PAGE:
WHAT IS A MECHANICAL LICENSE AND HOW DO I KNOW IF I NEED ONE?
What is a Mechanical License?
A mechanical license grants the rights to reproduce and distribute musical works embodied in sound recordings via CDs, records, tapes, ringtones, permanent digital downloads, interactive streams and other digital configurations, including locker-based music services and bundled music offerings.
Why do I Need a Mechanical License?
If you are manufacturing and distributing copies of a song that you do not own or control, you need to obtain a mechanical license. This is required by the U.S. Copyright Act, regardless of whether you are selling the copies that you make or whether you are charging anyone to access these songs on your website or service.
Under the U.S. Copyright Act, a copyright owner has the exclusive right to reproduce and distribute non-dramatic musical works to the public for private use by way of sound recordings, including sound recordings as embodied on CDs, records, tapes, ringtones, permanent digital downloads, and other digital formats (e.g., interactive streams). However, the Act provides that once a copyright owner has distributed its musical works to the U.S. public, or permitted another to do so, a compulsory mechanical license is available to anyone else that wants to record and distribute the musical works. The license is granted upon complying with certain notification requirements and paying royalties at the statutory ‘compulsory’ rate as set forth in Section 115 of the Copyright Act and related regulations. In other words, if the song has already been recorded and commercially released, you can record and distribute it as long as you obtain a license and pay royalties.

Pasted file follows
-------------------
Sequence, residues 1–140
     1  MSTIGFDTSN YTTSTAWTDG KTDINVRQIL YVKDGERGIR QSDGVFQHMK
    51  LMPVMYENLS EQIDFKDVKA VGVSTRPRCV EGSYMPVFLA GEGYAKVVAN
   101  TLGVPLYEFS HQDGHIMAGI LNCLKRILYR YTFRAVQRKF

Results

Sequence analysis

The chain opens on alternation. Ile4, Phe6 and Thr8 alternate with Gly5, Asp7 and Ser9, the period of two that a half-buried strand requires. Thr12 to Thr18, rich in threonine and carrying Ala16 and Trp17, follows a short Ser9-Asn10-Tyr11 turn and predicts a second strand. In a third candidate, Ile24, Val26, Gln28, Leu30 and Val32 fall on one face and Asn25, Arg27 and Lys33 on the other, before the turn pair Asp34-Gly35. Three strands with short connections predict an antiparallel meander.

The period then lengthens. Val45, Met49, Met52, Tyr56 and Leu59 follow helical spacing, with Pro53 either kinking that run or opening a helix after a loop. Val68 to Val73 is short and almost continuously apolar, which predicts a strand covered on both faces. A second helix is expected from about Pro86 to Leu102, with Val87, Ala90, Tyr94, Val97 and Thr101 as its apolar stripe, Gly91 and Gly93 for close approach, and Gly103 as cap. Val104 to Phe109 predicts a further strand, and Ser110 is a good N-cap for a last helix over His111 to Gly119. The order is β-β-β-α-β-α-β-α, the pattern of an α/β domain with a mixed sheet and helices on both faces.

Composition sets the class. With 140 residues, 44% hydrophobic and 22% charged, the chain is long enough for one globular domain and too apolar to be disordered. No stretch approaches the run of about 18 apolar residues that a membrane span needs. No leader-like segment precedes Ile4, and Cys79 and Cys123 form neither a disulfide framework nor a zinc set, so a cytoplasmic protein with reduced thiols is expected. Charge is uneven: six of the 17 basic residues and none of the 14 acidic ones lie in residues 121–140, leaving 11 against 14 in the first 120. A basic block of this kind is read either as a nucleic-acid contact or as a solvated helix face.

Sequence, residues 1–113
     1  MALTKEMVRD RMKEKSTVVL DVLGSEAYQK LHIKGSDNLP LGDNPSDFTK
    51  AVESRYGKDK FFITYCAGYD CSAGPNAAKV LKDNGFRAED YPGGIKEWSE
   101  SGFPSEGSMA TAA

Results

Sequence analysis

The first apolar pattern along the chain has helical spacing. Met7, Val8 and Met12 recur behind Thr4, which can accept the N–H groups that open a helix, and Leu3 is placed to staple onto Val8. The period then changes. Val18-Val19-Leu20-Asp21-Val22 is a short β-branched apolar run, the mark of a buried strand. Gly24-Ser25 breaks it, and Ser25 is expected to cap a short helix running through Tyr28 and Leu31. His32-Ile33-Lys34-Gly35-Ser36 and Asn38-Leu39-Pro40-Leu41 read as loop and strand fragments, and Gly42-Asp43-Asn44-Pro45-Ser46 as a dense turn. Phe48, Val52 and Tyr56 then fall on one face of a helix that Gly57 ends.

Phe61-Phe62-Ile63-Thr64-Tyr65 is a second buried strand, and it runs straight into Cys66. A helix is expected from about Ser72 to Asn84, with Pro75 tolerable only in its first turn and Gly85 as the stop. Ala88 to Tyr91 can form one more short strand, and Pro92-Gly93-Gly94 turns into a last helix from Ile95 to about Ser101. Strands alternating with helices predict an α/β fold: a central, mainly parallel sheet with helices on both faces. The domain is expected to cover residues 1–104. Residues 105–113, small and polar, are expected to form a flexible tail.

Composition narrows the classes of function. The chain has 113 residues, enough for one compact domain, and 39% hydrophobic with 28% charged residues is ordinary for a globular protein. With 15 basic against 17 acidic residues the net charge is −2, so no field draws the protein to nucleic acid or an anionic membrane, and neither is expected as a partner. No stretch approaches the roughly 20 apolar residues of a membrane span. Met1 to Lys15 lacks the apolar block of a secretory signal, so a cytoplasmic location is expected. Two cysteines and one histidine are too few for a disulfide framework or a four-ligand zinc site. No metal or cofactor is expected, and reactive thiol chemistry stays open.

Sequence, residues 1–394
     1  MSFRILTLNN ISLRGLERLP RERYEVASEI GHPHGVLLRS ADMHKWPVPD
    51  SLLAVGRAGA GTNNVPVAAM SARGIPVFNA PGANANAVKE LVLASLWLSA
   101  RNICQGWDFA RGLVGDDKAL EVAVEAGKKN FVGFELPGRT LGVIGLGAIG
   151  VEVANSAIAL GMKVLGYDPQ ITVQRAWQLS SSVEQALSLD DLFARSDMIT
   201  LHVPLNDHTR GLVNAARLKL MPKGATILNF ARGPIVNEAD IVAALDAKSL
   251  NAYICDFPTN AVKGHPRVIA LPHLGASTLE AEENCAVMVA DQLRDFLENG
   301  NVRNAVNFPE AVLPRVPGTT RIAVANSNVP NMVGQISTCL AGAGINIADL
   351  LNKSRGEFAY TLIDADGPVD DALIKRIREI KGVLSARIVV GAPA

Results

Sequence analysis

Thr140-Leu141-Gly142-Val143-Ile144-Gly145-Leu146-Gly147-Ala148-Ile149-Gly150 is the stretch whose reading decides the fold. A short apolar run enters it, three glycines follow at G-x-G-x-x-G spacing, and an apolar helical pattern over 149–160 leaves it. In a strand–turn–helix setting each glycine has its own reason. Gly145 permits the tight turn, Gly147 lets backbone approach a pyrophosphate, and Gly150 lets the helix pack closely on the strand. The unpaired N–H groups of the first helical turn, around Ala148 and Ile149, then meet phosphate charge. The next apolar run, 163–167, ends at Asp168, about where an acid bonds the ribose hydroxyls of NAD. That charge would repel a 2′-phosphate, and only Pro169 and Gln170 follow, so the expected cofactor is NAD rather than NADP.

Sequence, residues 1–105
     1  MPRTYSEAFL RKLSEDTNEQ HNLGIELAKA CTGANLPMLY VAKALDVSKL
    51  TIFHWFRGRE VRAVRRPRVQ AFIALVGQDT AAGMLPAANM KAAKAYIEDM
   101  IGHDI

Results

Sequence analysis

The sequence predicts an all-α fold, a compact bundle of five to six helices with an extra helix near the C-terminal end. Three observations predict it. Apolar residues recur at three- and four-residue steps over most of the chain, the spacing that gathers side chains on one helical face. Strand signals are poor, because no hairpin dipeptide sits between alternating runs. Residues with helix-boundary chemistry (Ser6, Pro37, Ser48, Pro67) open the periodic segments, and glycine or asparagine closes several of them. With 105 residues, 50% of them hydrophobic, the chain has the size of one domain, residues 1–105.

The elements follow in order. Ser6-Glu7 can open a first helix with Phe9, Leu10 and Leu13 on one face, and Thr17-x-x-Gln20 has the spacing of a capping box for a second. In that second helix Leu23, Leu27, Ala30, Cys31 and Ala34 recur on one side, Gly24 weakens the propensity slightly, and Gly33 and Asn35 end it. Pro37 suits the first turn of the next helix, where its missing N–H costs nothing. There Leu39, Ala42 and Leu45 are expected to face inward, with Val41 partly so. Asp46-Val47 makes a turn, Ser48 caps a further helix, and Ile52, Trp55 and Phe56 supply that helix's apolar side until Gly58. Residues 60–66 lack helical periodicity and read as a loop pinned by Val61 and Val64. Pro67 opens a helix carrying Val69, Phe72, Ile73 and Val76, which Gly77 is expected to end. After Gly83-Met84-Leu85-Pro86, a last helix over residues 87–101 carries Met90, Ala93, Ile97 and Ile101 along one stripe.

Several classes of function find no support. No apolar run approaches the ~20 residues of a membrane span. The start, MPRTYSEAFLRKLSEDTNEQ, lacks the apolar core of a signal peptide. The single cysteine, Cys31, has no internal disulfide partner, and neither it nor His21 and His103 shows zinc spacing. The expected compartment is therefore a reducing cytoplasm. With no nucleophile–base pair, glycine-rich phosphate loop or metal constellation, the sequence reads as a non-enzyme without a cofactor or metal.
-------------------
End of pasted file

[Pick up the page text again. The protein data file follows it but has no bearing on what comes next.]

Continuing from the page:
You don’t need a mechanical license if you are recording and distributing a musical work you wrote yourself and to which you currently own the copyright. You also do not need a mechanical license for any musical works that are in the public domain. However, the law regarding public domain works is complicated. Before reproducing and distributing a musical work you believe to be in the public domain, you should research its copyright status or consult with an attorney.
I need a mechanical license. Can you help?
Yes. HearYou can help! We work with HFA, the leading provider of rights administration, licensing, and royalty services for the U.S. music industry. HFA issues the largest number of licenses for the use of music in both physical and digital distribution formats in the U.S. and handles royalty payments to music publishers for over 100,000 catalogs.
What will it cost for a mechanical license on a song?
Royalties for licenses through HFA Songfile are the following:
Physical product and downloads:.
$0.091 (9.1 cents) per unit for songs that are five minutes and under in length or $0.0175 (1.75 cents) per minute or fraction thereof, per unit for songs that are over five minutes in length.
$0.24 (24 cents) per song, per unit
$0.01 (1 cent) per stream
In addition to royalty fees, there is a per-song processing fee of $18 for up to five songs. If you license 6 or more songs at one time, the processing fee is reduced to $16 per song.